Sunday, July 21, 2013

The Alhambra

There should be music playing as a background to this post.  The AndalucĂ­a Suite has a part called the Alhambra and you should be listening to that while you look at these photos.  If I were really good at this, I would make it happen.  You will just have to hum something I guess.We have planned to meet with the Cooks to see the Alhambra since we started the mission and it finally happened this past Monday.  We had such fun seeing them, seeing this beautiful complex of buildings, and best of all, they brought a package from home.  Rod now has a supply of chapstick and I have new photos.  Whoo hoo! 
The Alhambra (red castle) started life as a fort on the top of a hill in the 9th century.  It got added onto over the centuries ... by the Nasrid emirs in 13 &14th centuries, then the Christian kings took out and added various buildings.  Washington Irving wrote 'Tales  of the Alhambra' while staying there, and helped increase interest in it which lead to it being declared a National Monument in1870.  (I think this country has socks older than our national monuments.)  It has been heavily restored  as per the guide book. That is all the history I am giving you.  You will have to look up anything else you want to know yourself.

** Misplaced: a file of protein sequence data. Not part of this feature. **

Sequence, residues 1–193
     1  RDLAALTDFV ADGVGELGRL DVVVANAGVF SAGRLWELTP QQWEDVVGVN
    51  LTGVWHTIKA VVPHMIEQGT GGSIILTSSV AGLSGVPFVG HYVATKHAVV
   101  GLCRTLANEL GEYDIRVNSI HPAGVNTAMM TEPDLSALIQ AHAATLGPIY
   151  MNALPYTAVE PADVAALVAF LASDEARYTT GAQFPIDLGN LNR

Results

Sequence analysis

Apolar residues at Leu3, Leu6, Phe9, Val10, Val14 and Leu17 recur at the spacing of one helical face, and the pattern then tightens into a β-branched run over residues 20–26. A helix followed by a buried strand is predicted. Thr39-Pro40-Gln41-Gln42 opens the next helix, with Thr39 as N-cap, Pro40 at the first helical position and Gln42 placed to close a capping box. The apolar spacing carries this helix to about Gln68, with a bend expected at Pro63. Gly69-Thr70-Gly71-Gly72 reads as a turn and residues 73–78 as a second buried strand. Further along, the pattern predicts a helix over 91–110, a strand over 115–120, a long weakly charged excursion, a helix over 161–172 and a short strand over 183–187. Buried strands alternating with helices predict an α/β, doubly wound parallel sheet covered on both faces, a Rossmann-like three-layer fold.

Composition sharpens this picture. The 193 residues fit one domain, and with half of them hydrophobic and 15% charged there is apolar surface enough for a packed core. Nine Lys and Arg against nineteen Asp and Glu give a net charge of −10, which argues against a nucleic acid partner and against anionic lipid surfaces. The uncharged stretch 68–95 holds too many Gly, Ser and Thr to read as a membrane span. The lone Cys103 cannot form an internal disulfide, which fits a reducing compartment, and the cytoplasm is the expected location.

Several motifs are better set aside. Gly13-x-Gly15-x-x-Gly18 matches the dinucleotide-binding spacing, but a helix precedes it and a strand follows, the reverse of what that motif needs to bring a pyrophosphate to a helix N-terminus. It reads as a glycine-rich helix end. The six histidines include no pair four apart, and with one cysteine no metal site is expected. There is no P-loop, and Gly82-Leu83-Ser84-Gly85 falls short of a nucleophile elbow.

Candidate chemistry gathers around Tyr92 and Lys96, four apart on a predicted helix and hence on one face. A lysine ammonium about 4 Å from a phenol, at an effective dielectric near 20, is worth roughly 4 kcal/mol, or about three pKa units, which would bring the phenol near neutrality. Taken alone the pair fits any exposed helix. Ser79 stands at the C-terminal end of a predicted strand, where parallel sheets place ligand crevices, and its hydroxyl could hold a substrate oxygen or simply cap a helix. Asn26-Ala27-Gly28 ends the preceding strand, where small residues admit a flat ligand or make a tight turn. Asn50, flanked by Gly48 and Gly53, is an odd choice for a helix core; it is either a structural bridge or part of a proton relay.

The first pair are Cherie Cook's parents, then her. Their friends are next then us.  Her sister and hubby were trying to get something uploaded and missed the photo op. Ted took the photo

The gardens were most impressive, especially as it is almost as hot and dry there as AZ

Generalife is supposed to be a corruption of an Arabic name.  It was the 'small get away' palace.

Apparently even the original had gardens and fountains but water was used sparingly then. 
Hat Hair!

This view of part of the complex also shows how much higher  it is than the rest of the city.

The books describe the exterior of the buildings as plain while the interior is ornate, and fragile like man.
There is one part called the gate of the Architect, the Architect being the creator or Allah.  The Arabic script is part of the decoration and is usually prayers to Allah, but some of it is poetry or praise for the current ruler.